Happy spring, readers! I’m so glad we have officially left winter behind, and are seeing the emergence of new growth for the season – flowers are blooming in my garden, the hosta are breaking ground, and the snow has finally turned over to rain.
I’ve been working a lot of freelance design and animation work lately, but still making progress on the Art Hearts series. Today’s Art Heart is for a little boy named André.
André’s mom has her own blog about the challenges of Congenital Heart defects. She shared her story with me, starting from the diagnosis of Andre’s heart condition at six months into her pregnancy. An OBGYN noticed an enlargement on the right side of his heart, and immediately scheduled an ultrasound. They discovered that André’s pulmonary valve was very narrow, and was expanding the right atrium due to a backflow of blood. His tricuspid valve was also positioned incorrectly. After more echocardiograms, the family was advised to be prepared , but to wait and see what would happen at birth.
When André was born at thirty-nine weeks into the pregnancy, he was transferred to the neonatal intensive care unit for administration of oxygen. He spent six nights there, until his oxygen saturation was high enough to be sent home.
Because André’s parents could not check his oxygen saturation, they could only monitor certain symptoms, adding stress to his care at home. At six weeks old, they brought him back to the hospital for a valvoplasty, to stretch the pulmonary valve to allow blood to flow properly. André recovered from his procedure, but during his next echocardiogram, it was determined that the valvoplasty had minimal impact on his heart condition. The next step had to be open-heart surgery.
Now André’s parents faced a big question – when to perform such a surgery? The cardiologist wanted to perform the surgery as soon as possible, while surgeons wanted to wait until he was four months old (normally considered the minimum age) for this procedure. Despite his small size, the doctors decided not to wait. At three months old, André was brought to Children’s Hospital in Boston for a four-hour surgery to repair his heart. After five days in recovery, his family welcomed him back home.
Since then, André has faced another heart procedure, but is doing well. He recently turned six years old, and is a happy, bright kindergartner. His Mom told me he has a love for learning, reading, acting out stories from Bible study, singing, bike riding, and loves anything to do with machines.
So after getting to know André and his heart story, how could I come up with something that represented him and his journey? I felt that I should look deeper into machines and try to find something interesting there. After doing some research and sketching I settled on an illustration of an orrery, a mechanical or clockwork model of the solar system.
I really liked the beauty and complexity of the orreries that I could find, and the idea that they depict the world with mechanics that are in themselves interesting to look at. In André’s case, his world is similar to ours, with the earth and moon circling as the days and years are recorded. But I rendered this orrery to be unique to André – so the clock and calendar dials in the foreground mark the time and date of his birth, and the dial in the back depicts symbols of André’s happiness – liturgy, book, music, building blocks, wheel, and drama masks.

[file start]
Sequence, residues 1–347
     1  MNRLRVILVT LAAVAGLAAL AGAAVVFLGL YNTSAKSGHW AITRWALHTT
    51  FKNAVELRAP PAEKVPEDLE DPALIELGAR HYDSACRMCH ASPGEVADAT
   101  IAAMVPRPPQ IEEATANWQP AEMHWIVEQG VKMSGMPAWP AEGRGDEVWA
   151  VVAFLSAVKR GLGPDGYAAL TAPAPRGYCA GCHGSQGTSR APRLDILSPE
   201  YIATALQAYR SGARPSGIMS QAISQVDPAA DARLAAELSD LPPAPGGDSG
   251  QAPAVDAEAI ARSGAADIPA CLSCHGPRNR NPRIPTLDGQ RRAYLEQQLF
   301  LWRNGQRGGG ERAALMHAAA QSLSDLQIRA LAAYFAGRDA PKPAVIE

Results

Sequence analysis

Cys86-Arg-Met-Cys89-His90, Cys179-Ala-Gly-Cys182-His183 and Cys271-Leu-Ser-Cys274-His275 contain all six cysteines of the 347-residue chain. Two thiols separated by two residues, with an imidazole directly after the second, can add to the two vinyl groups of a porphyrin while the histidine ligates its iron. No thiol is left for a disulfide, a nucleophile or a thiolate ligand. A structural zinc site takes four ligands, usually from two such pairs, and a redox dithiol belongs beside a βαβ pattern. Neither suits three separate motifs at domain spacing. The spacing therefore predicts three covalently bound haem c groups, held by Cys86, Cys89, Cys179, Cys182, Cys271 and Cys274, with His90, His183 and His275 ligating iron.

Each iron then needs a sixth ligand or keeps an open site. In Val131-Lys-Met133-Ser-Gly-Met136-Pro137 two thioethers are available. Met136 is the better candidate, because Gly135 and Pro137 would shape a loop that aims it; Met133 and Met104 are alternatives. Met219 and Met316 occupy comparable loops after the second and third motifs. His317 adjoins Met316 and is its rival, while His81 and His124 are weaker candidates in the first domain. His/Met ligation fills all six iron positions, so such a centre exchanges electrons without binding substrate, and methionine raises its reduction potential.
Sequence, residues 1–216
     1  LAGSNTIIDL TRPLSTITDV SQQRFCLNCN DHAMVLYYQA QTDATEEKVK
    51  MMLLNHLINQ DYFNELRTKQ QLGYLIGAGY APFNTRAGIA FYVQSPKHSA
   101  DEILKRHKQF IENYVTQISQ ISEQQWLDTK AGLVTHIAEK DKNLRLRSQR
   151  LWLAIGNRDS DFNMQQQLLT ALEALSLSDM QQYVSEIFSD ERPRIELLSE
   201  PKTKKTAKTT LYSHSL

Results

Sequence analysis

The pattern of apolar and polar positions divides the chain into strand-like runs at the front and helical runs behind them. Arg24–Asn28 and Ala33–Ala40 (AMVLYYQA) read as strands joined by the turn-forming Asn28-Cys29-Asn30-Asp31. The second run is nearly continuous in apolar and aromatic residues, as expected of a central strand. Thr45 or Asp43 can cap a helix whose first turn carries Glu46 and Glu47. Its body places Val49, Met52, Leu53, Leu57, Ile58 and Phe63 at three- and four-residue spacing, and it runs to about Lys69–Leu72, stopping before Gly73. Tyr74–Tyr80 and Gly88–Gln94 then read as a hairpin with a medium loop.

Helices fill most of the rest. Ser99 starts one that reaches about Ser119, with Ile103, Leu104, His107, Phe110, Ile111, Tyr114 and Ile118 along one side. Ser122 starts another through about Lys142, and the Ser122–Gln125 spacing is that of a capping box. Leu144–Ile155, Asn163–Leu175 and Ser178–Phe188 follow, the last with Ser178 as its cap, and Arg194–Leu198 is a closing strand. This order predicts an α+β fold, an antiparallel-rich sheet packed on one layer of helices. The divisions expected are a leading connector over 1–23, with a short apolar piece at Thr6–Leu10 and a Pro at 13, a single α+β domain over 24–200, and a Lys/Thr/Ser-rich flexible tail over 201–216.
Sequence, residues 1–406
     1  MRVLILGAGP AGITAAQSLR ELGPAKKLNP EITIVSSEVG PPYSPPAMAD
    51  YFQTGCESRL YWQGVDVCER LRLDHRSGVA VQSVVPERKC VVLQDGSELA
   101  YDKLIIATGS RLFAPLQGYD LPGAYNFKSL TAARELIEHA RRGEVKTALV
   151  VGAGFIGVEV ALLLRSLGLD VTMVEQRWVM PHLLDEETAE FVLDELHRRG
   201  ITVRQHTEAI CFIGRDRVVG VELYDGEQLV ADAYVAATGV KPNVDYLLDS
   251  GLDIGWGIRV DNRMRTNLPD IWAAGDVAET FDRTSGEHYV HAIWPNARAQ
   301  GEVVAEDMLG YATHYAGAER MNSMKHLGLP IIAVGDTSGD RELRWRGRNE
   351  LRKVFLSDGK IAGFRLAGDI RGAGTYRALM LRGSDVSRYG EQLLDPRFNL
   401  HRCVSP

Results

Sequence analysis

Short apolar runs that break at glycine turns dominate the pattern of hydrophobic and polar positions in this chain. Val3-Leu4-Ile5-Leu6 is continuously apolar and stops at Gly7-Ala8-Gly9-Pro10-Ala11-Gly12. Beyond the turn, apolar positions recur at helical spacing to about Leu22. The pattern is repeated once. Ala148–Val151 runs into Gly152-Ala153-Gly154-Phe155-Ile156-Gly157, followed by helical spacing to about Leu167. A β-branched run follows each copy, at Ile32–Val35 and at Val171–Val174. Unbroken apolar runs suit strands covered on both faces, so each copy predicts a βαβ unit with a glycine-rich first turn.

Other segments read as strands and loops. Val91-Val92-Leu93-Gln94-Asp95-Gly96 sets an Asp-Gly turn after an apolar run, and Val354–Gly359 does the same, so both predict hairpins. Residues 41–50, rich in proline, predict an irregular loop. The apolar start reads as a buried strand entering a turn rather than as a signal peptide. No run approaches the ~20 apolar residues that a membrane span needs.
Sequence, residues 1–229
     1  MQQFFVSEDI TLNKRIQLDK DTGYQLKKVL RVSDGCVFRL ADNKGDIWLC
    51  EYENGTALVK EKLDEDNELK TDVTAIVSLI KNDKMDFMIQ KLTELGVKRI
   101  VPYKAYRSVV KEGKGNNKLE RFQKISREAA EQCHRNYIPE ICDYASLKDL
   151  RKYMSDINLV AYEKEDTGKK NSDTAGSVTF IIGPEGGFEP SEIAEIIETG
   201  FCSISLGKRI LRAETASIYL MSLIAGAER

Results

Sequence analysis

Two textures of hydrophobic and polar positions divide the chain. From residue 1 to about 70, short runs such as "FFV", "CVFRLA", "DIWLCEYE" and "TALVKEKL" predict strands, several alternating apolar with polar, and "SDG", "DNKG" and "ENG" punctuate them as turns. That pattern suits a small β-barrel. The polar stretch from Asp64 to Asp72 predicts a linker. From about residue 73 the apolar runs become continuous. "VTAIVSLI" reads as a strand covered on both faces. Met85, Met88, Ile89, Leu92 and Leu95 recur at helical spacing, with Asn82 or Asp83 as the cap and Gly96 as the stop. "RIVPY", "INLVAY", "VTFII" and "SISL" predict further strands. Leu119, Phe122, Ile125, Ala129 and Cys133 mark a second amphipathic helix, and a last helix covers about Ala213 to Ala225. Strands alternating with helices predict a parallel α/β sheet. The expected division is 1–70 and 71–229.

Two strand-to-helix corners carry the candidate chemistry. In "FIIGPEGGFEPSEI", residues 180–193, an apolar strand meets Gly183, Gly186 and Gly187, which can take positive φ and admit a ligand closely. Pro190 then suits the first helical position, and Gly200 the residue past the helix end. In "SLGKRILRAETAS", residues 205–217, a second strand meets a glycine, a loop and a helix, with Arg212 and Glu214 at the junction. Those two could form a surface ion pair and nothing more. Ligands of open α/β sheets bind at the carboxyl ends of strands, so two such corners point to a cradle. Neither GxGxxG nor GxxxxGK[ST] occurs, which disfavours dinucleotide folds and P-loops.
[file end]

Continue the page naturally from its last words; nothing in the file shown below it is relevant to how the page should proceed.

This being a painting with a lot of technical detail, I wanted the painting to be precise and have very fine edges. So the center of the heart is painted entirely with watercolor, much of it with a tiny brush, to create ridges on the gears. I did my best to build up layers of color and shadow so that the machine would look reflective and metallic, and have depth. I picked a shade of blue for the background that would contrast with the warm brass color of the metal.
After the machinery was rendered, I added a red outer edge to the heart, first with a base of watercolor, and then with several layers and shades of red pastel. Red is André’s favorite color! I also blended the pastel to have a radiant effect with the shading, tto be consistent with the other Art Hearts.
One of the last details I wanted to add was a phrase that I thought captured something about André’s experience with CHD. I found a phrase in Latin that I felt fit – “Astra Inclinant, Sed Non Obligant”. Meaning “The Stars Incline Us, They Do Not Bind Us”. I added it to bring the whole painting together to depict elements of André’s life. To remember that though this orrery is his “world” and it is one that has been affected by CHD, it is not how he was born, rather it is his free will that determines the quality of his life.
I wish André a very happy birthday, and thank his Mom for her writing, which has helped me create his artwork.
This is the sixteenth of my Art Hearts which I am donating to Olivia’s Heart Fund. Please check out the Art Hearts page to read more about the project. If you’d like to purchase a print or greeting card of this or other paintings, they are available through the charity’s store, and all proceeds benefit Olivia’s Heart Fund. If you are so inspired, you can make a donation to the charity by clicking here or on the button below to visit the Olivia’s Heart Fund site. Enjoy!